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Thread: THE SWIMMERS (Sally El Hosaini 2022)

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    Jul 2002
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    THE SWIMMERS (Sally El Hosaini 2022)



    A refugee athlete drama that gets in over its head

    Why Welsh-Egyptian director Sally El Hosaini has had no credit in the ten years since her promising debut feature other than three episodes of a TV series on the London police is something of a mystery. My Brother the Devil (2012) crackles with the dialect and the youthful macho of a giant Hackney housing estate. Non actors are woven among the pros and the lingo sounds so authentic it's sometimes impenetrable. ("Food" is a drug delivery and "want to blaze a zoo?" means "care to smoke a doobie?") The plot involves two kinds of "family." One is the Egyptian working couple and their sons and the cousins, the other is "DMG" - aka Drugs, Money, Guns, a local gang handsome Rash (James Floyd), the elder son, is a force in. Like a 1930s Warner Bros. character he wants to use gang activity to fund the education of younger bro Mo (Fady Elsayed) and make him legit. Mo is drawn to the macho glamor of the gang, then confused and disappointed when Rash sees his best friend Izzi cut down by a rival gang and turns to straight life.

    In My Brother the Devil Floyd, Elsayed and the other multi-race young men and women bring warmth and authenticity to the screen, enhanced by the beautiful, intimate cinematography of dp David Raedeker. However, a sexual confusion subplot winds up seeming a clumsy distraction. While Peter Bradshaw said this film had My Beautiful Launderette "somewhere in its DNA," the allusion only brings out how flimsy this plot is by comparison, and incidentally Frears handled homosexuality so much less hysterically in Hanif Kureishi's screenplay seventeen years earlier. Still, despite My Brother's conventional beats and missteps, it brims with life and El Hosaini works terrifically with her young actors. (See David Rooney's admiring Sundance review.)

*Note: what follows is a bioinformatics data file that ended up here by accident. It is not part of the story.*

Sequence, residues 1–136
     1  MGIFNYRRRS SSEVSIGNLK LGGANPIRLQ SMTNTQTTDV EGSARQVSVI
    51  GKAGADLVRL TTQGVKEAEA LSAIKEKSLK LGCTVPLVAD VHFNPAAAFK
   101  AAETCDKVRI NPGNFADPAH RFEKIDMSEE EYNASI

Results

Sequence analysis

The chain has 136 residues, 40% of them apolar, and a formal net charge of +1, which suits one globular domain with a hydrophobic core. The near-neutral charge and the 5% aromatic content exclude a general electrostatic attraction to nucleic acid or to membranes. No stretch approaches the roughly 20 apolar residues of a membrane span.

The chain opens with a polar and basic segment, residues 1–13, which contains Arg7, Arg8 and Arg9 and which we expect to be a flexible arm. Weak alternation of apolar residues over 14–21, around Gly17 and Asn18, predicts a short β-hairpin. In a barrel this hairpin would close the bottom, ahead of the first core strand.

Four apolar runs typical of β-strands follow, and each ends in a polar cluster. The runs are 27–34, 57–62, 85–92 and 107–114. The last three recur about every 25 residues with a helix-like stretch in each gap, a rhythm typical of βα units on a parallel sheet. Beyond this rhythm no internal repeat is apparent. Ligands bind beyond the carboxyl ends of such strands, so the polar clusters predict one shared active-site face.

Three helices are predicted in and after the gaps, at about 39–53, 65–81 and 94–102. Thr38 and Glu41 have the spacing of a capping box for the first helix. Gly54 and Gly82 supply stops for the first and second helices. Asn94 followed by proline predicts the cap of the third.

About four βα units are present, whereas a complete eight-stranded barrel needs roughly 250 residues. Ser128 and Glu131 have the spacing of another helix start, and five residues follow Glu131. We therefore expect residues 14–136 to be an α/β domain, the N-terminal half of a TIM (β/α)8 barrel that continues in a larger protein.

There's a lot of life going on between the actors in The Swimmers too. Siblings feature again, this time in a real story about Syrian sister swimmers Sara and Yusra Mardini, played by real sisters Manal and Nathalie Issa. This time while they speak English - very important later on - they also speak a lot of (more or less) Syrian Arabic, and in many ways the complex cultural and linguistic atmosphere of the new film feels richly authentic. It winds up failing in other ways, however, of a more sweeping structural nature.

    The siblings are training hard in Damascus, living with their family with their father their coach, when Al Asad's ultra violent repression of Syria's response to the Arab Spring leads them to decide, encouraged by their parents and above all their coach father, to become refugees and escape to Germany, where they hope to resume training and (Insha'Allah ) somehow make it to the 2016 Rio Olympics. Implausibly, the real-life Mardini sisters actually succeeded, though only Manal made it into the Olympics, on the Refugee Olympic Team. Sara loses her athletic motivation and instead goes back to Greece to be an activist for the refugees. We learn in final titles that she has run into serious legal troubles - a life that might have been a less conventional and more interesting story than the feel-good athlete-struggling-to-victory one Al Hosaini has chosen.